This book had a power like no other. It was vast and limitless yet quiet and desolate. It was a story that bent like the branches of the trees into twisted and gnarled canopies, graced with beautiful fruit that became it like jewels in a crown. This was by far the best book I’ve read in years, and though it made me cry, it also made me feel peace as the last page was turned. Very highly recommended.

Author Photo About the Author

Amanda Coplin was born in Wenatchee, Washington. She received her BA from the University of Oregon and MFA from the University of Minnesota. A recipient of residencies from the Fine Arts Work Center in Provincetown, Massachusetts, and the Omi International Arts Center at Ledig House in Ghent, New York, she lives in Portland, Oregon.

Find out more at Amanda's website and connect with her on Facebook

TLC Book Tours A warm thanks to TLC Book Tours for providing this book for me to read and review. Please continue to follow the tour by visiting these other blogs:

Tuesday, March 5th:Book Club Classics!
Thursday, March 7th:Book Snob
Friday, March 8th:Unabridged Chick
Tuesday, March 12th:A Bookish Affair
Thursday, March 14th:Cerebral Girl in a Redneck World
Friday, March 15th:5 Minutes For Books
Saturday, March 16th:Unabridged Chick
Monday, March 18th:The Betty and Boo Chronicles
Tuesday, March 19th:Tiffany's Bookshelf
Wednesday, March 20th:Raging Bibliomania
Thursday, March 21st:Becca's Byline
Monday, March 25th:Amused By Books
Tuesday, March 26th:A Library of My Own
Wednesday, March 27th:Silver's Reviews
Thursday, March 28th:Between the Covers
Monday, April 1st:Lit and Life
Tuesday, April 2nd:Paperback Princess
TBD:The Written World

This book was provided as a complimentary review copy.

Friday, March 15, 2013

The Shadow on the Crown by Patricia Bracewell — Audiobook Review

Recorded by Penguin Audio
Narrated by Katie Firth
Length: 13 hours 40 minutes

The year is 1002, and Emma of Normandy is beginning her trip overseas to become the bride of King Ethelred of England. These are hard years, for England is under the threat of the murderous Danes, and Emma’s bond with Ethelred is England’s main strategy for forging an alliance with Normandy. But what Emma finds when she arrives is a cold and calculating man who is beset and tormented by visions that he cannot escape. Emma, also, cannot escape the hideous attentions of her husband, and it’s clear to all that his only use for Emma is to provide a royal heir. Ethelred is truly desirous of another: one who will do anything to be queen and will try to use might and witchcraft to smite Emma again and again. But the people of England love their new queen and are united by her, which is exactly as Ethelred hopes. Emma must also contend with the other sons of Ethelred, who are covetous of their father’s crown and know that if Emma births a son, they may be disinherited. This court is a venomous and dark place for Emma, and one misstep could have grave consequences for her. But under the king’s vicious proclivities and dark mind, Emma comes to find a kindred soul in the most unlikely of places. As she begins to feel real love for the first time in her life, the greatest of dangers lurks just around the corner, threatening to undo both the kingdom of England and her homeland as well. Fraught with tension and richly dramatic, this is epic historical fiction at its grandest. Emma is a survivor, but can she survive this?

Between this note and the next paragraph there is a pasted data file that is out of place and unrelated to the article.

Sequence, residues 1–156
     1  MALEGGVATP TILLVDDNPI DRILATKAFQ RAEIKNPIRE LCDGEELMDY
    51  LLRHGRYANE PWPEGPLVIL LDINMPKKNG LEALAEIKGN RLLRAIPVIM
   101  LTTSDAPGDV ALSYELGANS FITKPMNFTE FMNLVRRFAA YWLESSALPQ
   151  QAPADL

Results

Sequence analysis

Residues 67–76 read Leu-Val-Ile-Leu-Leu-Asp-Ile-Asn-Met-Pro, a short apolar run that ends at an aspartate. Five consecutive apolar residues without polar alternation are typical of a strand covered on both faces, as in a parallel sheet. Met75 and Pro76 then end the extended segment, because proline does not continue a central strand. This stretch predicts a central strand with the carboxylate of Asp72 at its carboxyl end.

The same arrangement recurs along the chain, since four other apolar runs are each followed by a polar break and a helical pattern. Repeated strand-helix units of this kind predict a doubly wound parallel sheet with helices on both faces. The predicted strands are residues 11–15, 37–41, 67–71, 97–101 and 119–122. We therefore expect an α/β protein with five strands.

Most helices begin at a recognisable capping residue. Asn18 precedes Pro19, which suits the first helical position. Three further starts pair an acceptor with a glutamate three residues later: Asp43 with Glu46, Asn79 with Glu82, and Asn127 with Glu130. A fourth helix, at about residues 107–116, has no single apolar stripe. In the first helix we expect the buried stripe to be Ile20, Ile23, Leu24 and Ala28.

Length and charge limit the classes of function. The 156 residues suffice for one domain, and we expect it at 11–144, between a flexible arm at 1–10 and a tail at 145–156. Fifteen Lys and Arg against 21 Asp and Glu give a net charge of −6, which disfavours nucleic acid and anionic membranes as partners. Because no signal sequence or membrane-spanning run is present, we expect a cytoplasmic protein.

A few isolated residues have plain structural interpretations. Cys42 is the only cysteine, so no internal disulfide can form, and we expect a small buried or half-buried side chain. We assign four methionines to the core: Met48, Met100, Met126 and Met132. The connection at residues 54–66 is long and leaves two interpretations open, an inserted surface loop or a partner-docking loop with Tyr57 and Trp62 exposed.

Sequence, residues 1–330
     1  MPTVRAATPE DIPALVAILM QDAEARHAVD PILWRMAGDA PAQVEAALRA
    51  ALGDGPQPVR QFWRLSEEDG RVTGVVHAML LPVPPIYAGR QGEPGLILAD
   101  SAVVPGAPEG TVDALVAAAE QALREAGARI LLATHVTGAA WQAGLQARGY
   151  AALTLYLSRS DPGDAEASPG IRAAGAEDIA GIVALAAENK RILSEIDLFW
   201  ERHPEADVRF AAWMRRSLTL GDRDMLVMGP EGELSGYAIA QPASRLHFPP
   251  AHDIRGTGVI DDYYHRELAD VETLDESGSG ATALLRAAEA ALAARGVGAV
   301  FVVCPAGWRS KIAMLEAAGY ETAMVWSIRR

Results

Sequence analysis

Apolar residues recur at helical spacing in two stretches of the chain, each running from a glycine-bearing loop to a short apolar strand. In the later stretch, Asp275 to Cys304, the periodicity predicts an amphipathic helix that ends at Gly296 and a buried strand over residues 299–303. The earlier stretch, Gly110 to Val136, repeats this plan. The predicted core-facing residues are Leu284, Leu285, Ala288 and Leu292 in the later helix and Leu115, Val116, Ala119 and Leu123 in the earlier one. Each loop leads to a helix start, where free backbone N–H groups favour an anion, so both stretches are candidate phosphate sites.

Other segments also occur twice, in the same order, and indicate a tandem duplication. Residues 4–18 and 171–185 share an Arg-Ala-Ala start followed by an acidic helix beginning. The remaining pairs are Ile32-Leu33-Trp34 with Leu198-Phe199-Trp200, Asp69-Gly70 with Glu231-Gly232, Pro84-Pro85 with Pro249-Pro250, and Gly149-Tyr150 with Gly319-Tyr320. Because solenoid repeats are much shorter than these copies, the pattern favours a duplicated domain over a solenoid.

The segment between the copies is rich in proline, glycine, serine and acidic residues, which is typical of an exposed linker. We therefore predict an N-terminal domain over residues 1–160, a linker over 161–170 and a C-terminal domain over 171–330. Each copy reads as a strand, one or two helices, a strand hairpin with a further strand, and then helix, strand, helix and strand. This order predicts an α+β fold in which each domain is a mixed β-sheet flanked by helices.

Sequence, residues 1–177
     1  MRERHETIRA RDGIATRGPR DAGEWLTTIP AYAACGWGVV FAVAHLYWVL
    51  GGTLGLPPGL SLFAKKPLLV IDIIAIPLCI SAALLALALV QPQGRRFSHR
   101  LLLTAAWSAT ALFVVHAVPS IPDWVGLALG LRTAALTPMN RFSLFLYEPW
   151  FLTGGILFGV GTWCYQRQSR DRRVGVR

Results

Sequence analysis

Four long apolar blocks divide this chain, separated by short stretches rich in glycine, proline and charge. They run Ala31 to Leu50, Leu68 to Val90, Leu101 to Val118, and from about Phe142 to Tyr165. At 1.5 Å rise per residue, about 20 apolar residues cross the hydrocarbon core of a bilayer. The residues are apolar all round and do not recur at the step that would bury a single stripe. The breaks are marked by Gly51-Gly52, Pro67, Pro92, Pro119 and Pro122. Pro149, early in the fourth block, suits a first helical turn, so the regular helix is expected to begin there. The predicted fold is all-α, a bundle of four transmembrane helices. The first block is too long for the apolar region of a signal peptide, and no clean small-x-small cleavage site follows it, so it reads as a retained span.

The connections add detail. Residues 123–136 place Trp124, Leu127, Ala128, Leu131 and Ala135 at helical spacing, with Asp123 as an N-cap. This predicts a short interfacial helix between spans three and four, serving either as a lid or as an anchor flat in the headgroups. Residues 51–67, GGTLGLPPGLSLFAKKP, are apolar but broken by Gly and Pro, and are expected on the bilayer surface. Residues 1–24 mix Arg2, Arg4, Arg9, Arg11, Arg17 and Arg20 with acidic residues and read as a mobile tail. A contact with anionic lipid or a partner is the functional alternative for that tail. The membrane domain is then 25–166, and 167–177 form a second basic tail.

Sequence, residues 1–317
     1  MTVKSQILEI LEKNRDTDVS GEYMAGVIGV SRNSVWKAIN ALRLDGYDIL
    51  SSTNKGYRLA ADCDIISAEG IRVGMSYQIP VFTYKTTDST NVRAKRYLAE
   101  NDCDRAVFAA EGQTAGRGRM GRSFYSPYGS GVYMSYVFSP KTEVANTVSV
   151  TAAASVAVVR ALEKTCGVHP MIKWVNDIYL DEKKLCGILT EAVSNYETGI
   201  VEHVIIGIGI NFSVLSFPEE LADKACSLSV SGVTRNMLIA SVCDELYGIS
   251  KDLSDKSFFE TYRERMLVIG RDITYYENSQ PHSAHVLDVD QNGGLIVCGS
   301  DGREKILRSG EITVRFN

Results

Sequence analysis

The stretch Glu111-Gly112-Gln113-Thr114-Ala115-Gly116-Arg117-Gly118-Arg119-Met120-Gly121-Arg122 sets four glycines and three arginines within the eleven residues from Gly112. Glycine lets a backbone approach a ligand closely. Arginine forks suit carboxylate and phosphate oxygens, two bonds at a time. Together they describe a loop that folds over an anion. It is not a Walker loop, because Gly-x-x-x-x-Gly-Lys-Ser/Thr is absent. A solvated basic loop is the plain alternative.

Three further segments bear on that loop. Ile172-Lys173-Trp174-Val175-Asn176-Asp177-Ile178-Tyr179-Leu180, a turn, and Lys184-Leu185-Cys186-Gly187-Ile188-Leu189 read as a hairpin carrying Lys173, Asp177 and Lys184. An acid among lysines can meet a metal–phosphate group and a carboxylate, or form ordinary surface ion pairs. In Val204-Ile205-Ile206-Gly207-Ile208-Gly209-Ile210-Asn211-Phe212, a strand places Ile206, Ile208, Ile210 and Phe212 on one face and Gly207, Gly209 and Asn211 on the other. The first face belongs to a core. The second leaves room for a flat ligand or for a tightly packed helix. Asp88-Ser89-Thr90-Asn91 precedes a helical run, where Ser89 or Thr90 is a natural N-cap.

One of the reasons that I was so enticed by this book was because it dealt with a time that I had never before explored: namely, an England before King Henry. This book deals with the very birth of England, when the Danes were a ferocious force that threatened to take over large parts of Normandy, England, and any other place that seduced their senses. It was a dark look at a dark part of history that was not taught to me, where brave men and women fought for a budding nation that had yet to see glory. I was definitely surprised at the way this book ended though, as it seems that it’s going to be a trilogy, and many questions were left unanswered. Katie Firth is the narrator of this thoroughly enthralling tale, and her voice was made for this story. Tight with restrained emotion and abundantly alluring, she tells the tale with superior skill, managing to sound regal and forceful without being overbearing. A better choice could not have been made.

Emma is young when she sets off to forge her father’s alliance, but she is not without courage or resolve. She is headstrong, and will not bend to the king’s will, but thwart it, which reaps grave consequences for her. The king has guilt on his soul and fears that he is being pursued by the ghost of his brother, the rightful heir, who was murdered so that Ethelred could take control. Some believe that he is mad, and I would certainly agree that based on his actions, the king was not sane or fit to run England. King Ethelred saw evil everywhere, even in his innocent wife, and in his fear, he forced her to remain confined, where she would rule only by proxy. Devilish and dangerous, he is a force greater than Emma, whose courage lands her little reward.